I have written off and on about the proposed Keystone XL pipeline and the many reasons why building it should not even be considered. Thousands of people have protested (and been arrested) against the proposed pipeline, and, thus far, the State Department has yet to decide on it.
Today is the last day for public comments on this proposal. If you have not yet submitted a comment, please, please, send an email to email@example.com. This is too important to our nation, our planet and our future.
Here’s the email that I sent:
I am writing this letter in objection to the proposed Keystone XL pipeline.
Advocates of the pipeline say that it will create thousands of American jobs. This is a lie. While it may create a certain number of temporary jobs in the construction stage, fewer than 50 permanent jobs will be created.
Advocates of the pipeline say that, once the pipeline is finished and the tar sands oil is refined, it will provide the U.S. with a plentiful supply of oil, lowering oil prices and lessening our dependency on “foreign”, i.e., “Middle Eastern” oil. They say that because of this, our “national security’” will be enhanced. This is a lie. The tar sands oil, once refined, will be sold on the world market, not directly to the U.S.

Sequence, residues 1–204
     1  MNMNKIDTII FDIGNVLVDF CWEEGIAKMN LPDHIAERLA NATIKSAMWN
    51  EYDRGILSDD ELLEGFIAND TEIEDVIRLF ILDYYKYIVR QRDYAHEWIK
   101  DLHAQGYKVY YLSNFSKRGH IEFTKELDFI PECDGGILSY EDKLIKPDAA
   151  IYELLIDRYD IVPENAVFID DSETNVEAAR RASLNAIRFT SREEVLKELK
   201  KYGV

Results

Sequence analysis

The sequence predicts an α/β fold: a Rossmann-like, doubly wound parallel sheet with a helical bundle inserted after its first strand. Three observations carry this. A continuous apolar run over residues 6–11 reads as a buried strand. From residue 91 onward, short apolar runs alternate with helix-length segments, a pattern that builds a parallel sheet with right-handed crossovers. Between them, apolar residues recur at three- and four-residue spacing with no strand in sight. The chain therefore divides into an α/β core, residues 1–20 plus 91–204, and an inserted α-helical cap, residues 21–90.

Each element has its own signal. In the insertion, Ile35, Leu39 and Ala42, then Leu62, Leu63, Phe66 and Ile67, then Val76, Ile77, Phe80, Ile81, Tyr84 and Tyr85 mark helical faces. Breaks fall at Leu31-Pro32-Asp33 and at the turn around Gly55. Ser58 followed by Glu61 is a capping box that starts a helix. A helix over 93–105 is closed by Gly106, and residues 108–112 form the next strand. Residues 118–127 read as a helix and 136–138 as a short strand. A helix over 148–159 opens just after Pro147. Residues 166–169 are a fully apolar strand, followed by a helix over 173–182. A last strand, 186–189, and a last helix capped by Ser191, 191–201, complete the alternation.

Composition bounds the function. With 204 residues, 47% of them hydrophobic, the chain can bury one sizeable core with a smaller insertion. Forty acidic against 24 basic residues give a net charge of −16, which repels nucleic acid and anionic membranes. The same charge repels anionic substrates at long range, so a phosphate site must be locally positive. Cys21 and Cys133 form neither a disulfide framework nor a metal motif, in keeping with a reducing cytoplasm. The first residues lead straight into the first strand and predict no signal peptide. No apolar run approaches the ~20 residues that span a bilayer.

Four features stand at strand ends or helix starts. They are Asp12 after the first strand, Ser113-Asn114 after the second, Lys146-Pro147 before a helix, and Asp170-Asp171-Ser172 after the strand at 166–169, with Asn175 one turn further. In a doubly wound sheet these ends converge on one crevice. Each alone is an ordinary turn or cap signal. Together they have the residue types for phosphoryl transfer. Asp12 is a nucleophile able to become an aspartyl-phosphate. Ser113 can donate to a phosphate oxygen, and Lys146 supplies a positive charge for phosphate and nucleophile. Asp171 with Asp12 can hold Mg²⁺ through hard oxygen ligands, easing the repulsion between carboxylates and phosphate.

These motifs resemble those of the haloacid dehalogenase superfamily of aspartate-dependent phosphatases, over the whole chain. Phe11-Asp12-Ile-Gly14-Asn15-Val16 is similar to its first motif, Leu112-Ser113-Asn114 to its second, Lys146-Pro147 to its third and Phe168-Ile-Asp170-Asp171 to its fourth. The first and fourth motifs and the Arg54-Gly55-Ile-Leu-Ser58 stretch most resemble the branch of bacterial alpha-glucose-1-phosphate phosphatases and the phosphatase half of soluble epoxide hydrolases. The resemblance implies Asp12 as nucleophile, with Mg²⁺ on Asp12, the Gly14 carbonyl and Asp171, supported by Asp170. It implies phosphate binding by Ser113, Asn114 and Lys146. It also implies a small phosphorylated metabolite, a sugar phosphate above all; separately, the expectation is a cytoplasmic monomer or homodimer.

Advocates of the pipeline say that the pipeline will safely bring tar sands oil from Alberta, Canada, through several U.S. States, to refineries in Texas. This is a lie. Keystone’s own track record as regards previous spills, i.e., in Michigan’s Kalamazoo River (which to date, several years later, still has not been ‘cleaned up’) belies this notion. Tar sands oil is the filthiest form of oil, and the pipeline’s route would take it through hundreds of ecologically sensitive areas; most importantly, it will run through, or perilously close to, the largest aquifer in the country, which provides drinking water to several states.
Any claim that Keystone may make to guarantee that the pipeline will be safe would be a lie. Regardless of anything that the final Environmental Impact Statement may say, there is no technology on this earth that can clean up the kind of disaster that a tar sands oils spill would cause. Consider the ineffective efforts to contain the BP Deepwater oil spill in the Gulf, and the ridiculouis use of paper towels to attempt to clean up the recent Mayflower oil spill.
Are even 50 permanent U.S. jobs worth even the slightest possibility of a pipeline leak and the subsequent ecological and human disaster? Are 50 jobs worth ruining the drinking water of millions of Americans? I say NO, and I would hope that anyone with any critical thinking skills would have to agree.
Please, I implore you, just say NO to Keystone.
Jane E. Schneider
This is our open thread — what will you say to the State Department?